Kerala Culture

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Kerala has a composite culture enriched through the ages with the contribution of various people and races.
 
Its peculiar geographical position has helped the process of cultural synthesis.  Its history unfolds the romantic and fascinating story of a unique process of culture and social assimilation.  In response to ever challenge, Kerala had demonstrated through the ages, its genius of adaptation and fusion of old traditions and new values in all spheres of human thought and endeavour
 
Among those who have reached Indian cultural heritage and helped the cause of national integration, the people of Kerala have a place of honour.  Kerala culture is in fact, an integral part of Indian culture and like the Indian subcontinent, the state can claim to have a culture, the history of which runs into the dim recesses of antiquity.
 
The culture of Kerala persisted thought the ages precisely of the reasons of antiquity, unity, continuity and universality.  In its widest sense, it embraces the highest achievements of the human spirit in never sphere of life.  Thus, in its totality, it represents the quintessence of the collective achievements of a people in the fields of religion and philosophy, language and literature, art and architecture, education and learning economic and social organization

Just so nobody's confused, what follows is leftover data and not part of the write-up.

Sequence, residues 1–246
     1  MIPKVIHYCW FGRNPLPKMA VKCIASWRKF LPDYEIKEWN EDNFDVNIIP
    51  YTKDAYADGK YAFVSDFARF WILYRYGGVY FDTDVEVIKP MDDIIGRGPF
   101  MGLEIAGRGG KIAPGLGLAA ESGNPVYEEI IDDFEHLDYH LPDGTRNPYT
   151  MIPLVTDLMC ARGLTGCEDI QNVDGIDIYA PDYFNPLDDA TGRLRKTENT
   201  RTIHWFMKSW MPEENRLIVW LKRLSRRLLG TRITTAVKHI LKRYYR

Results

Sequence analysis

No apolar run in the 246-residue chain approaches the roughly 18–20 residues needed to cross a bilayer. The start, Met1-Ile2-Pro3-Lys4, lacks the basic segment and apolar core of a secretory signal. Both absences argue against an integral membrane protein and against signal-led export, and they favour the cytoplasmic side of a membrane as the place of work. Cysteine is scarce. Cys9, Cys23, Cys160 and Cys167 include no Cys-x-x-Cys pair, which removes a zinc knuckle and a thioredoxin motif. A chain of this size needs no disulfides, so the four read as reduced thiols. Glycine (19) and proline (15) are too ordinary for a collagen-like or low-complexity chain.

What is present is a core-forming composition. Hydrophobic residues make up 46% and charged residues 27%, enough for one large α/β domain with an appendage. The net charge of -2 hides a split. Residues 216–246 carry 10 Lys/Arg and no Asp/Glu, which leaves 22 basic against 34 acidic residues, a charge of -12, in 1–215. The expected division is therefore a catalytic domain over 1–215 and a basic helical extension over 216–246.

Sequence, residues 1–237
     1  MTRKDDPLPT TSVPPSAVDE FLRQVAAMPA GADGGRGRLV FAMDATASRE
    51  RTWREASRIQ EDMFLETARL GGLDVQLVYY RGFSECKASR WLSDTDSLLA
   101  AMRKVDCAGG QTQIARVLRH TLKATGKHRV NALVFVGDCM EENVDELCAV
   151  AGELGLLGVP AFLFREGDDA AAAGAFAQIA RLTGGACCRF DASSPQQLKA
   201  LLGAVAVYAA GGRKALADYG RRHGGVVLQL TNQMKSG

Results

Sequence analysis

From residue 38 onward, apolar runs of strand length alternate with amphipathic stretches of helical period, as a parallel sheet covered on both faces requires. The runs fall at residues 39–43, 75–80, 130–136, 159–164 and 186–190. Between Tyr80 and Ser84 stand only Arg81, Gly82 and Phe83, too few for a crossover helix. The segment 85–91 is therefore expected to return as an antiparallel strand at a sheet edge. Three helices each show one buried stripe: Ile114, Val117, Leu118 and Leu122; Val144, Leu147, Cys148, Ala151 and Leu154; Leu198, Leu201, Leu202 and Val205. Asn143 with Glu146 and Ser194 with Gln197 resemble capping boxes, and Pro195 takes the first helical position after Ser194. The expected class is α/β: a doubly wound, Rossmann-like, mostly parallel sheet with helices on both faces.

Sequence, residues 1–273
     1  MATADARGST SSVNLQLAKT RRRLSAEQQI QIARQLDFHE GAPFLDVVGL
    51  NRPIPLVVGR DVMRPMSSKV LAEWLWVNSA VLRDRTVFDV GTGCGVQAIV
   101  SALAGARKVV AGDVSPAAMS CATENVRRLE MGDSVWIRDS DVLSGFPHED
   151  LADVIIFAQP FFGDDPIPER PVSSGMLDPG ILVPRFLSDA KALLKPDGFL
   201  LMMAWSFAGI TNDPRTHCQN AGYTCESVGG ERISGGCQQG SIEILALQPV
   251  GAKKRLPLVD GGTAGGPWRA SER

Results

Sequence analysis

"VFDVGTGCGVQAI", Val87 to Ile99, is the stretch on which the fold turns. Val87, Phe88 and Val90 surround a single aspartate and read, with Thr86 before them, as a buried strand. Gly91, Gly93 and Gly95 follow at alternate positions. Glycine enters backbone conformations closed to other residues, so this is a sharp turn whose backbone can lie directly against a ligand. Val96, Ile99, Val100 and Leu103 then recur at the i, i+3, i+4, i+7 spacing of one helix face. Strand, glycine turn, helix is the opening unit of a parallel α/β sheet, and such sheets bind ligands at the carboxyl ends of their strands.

Kerala has a spectacular heritage of cultural expressions across many artforms and customs. The time – honored values lie dormant in the living traditions of these expressions. The feudal chieftains and provincial landlords who patronized these visual and devotional arts for centuries were not only encouraging them as entertainments but were also upholding their moral and ethical messages
 
Vivid visual effects and stunning music are hallmarks of Kerala’s performing arts. In a land, which cannot boast of monumental architectural feats, unlike many other parts of India, the performing arts, both individually and collectively, make up for the lost magnificence. No other state in India can match the grandeur and creativity of Kerala’s performing arts

The crowing jewels of Kerala’s performing arts are Koodiyattam and Kathakali. Koodiyattam, the one thousand year old classical dance drama is regarded as one of the earliest traditions in theatre across the world. UNESCO has named it as a World Heritage describing it as a masterpiece of oral and intangible heritage. Though Koodiyattam is the oldest, Kerala perhaps owes its transnational fame to Kathakali, the classical dance drama combining facets of ballet, opera, masque and the pantomime
 
The culture of Malayalis has a flavor of its own, though it is a part of an Indian and the Dravidian culture. This has been the product of the peculiar geographical feature of Kerala. Bounded on the east by the Western Ghats and the west by the Arabian sea, it had long periods of insular existence. This has resulted in the distinctiveness of their language, dress, culture and institutions